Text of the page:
In many areas of life, incompetent people do not recognize or cannot recognize just how incompetent they are. Logic itself almost demands this lack of self-insight: For poor performers to recognize their ineptitude would require them to possess the very expertise they lack.  What’s curious is that in many cases incompetence does not leave people disoriented, perplexed, or cautious. Instead, the incompetent are often blessed with an inappropriate confidence, buoyed by something that feels to them like knowledge.

Because it’s so easy to judge the ignorance of others, it may be sorely tempting to think this doesn’t apply to one’s self. But the problem of unrecognized ignorance is one that can visit us all from time to time.

Over the years Dunning and Kruger have become convinced of one key, overarching fact about the ignorant mind: “One should not think of it as uninformed. Rather, one should think of it as misinformed.”

An ignorant mind is precisely not a spotless, empty vessel, but one that’s filled with the clutter of irrelevant or misleading life experiences, theories, facts, intuitions, strategies, algorithms, heuristics, metaphors, and hunches that regrettably have the look and feel of useful and accurate knowledge.

This clutter is an unfortunate by-product of one of our greatest strengths as a species. We are unbridled pattern recognizers and profligate theorizers.  As the humorist Josh Billings once put it, “It ain’t what you don’t know that gets you into trouble. It’s what you know for sure that just ain’t so.” (Ironically, one thing many people “know” about this quote is that it was first uttered by Mark Twain or Will Rogers—which just ain’t so.)

The way we traditionally conceive of ignorance—as an absence of knowledge—leads us to think of education as its natural antidote. But education can produce illusory confidence.  Because it’s so easy to judge the idiocy of others, it may be sorely tempting to think this doesn’t apply to yourself. But as said above, the problem of unrecognized ignorance is one that can visit us all.

“I am wiser than this man, for neither of us appears to know anything great and good; but he fancies he knows something, although he knows nothing; whereas I, as I do not know anything, do not fancy that I do.  In this trifling particular, then, I appear to be wiser then he, because I do not fancy I know what I do not know”….

Attributed to Socrates from Plato.

 

Boy, do I feel ignorant!!!!!

 

RO

Make sure your calamari has tentacles on it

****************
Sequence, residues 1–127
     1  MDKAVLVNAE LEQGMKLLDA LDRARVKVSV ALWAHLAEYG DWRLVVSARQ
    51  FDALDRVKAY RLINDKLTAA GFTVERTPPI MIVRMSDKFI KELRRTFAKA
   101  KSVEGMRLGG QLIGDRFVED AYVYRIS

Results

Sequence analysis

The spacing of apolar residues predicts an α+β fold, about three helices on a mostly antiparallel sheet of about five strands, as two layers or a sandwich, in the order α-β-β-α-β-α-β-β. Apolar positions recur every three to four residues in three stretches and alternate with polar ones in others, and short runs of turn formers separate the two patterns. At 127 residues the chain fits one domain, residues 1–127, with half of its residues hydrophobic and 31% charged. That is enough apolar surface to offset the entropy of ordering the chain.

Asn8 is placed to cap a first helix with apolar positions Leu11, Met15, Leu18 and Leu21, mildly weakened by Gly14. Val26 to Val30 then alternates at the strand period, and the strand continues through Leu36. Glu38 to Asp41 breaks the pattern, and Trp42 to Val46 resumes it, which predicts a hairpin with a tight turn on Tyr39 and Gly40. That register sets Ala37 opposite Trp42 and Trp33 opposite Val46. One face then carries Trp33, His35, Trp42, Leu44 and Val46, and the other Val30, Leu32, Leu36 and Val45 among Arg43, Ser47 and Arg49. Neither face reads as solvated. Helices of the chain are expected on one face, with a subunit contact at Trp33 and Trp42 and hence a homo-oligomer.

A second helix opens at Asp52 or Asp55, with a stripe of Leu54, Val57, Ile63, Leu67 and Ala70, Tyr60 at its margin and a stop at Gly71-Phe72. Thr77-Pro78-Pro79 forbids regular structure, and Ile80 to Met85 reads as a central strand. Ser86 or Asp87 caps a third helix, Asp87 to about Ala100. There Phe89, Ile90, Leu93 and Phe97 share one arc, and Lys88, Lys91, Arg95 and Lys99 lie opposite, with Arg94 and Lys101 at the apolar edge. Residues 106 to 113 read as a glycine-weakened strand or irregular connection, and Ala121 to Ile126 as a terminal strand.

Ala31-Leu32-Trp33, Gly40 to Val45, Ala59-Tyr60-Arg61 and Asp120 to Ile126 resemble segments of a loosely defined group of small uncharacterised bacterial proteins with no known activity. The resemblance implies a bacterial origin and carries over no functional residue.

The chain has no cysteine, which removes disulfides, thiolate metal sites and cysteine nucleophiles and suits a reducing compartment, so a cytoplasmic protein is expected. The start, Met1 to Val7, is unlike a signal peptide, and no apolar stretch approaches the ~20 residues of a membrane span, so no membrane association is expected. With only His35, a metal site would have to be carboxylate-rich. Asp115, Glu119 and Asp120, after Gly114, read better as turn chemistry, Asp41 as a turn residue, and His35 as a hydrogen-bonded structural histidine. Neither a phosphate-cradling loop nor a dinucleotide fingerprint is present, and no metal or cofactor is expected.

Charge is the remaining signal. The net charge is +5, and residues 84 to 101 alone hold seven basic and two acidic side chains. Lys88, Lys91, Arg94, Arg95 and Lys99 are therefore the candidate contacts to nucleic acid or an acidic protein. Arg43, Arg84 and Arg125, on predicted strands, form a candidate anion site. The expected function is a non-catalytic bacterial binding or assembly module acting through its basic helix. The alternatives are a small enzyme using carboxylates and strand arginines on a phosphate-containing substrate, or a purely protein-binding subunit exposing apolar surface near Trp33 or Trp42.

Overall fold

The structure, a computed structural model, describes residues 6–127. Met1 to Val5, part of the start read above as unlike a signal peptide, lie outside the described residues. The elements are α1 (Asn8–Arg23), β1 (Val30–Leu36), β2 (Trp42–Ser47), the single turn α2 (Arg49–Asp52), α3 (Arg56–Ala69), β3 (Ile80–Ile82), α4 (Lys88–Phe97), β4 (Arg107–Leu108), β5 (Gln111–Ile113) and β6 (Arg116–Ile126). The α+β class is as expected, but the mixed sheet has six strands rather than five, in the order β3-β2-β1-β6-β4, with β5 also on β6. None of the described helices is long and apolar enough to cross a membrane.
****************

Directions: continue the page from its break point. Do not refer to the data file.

August 30th, 2015

This will/should really make you think

Recently I was forwarded a link to a radio program and frankly the story line seemed too strange to be true.  But I listened to the first episode, minutes 5-30, and found myself not only absorbed but really surprised yet laughing out loud.

First, a bit about the show. TCalamarihis American Life is a weekly public radio show broadcast on more than 500 stations to about 2.2 million listeners. Each week they choose a theme and put together different kinds of stories on that theme. It is produced in collaboration with Chicago Public Media, and delivered by PRX, the Public Radio Exchange.

The episode here was #484 on WBEX aired January 11, 2013 titled “Dopplegangers” and co-hosted by Fred Armisen and Ira Glass.  A Doppleganger is a look-alike or double or evil twin, sometimes portrayed as a paranormal phenomenon, and sometimes as a harbinger of bad luck. So the story is about a look-alikes but nothing I expected.

http://m.thisamericanlife.org/radio-archives/episode/484/doppelgangers

The authors got a tip about restaurants serving deep fried pig intestines as fake fried calamari, you can’t make it up….right?  In the meat packing industry pig intestine is called “Pork Bung”…..nice!  But who knows.  We know restaurants often substitute fish with a less expensive fish…..DNA tests have showed that in Miami it’s not the fish advertised 30% of the time, Boston 49%, NYC 39%, LA 55%!!!!!  Rock fish for snapper? whatever for grouper? and who has not received shark passed off as scallops?  By the way processed pork bung costs half of what squid costs.

This is a very nice piece of reporting with the story going from the original tip…. to a hog processing plant rumored to have boxes labeled “Imitation Calamari”….to The USDA… The National Restaurant Association…The National Pork Producer’s Council… Squid Fisherman’s Association… US Export Federation… restaurants… rumors that the pork bung gets shipped to China for processing.  This all sounds very impressive, but in the end all that could be found were strong rumors.  Often the final words were “I never heard of it but it’s not impossible”.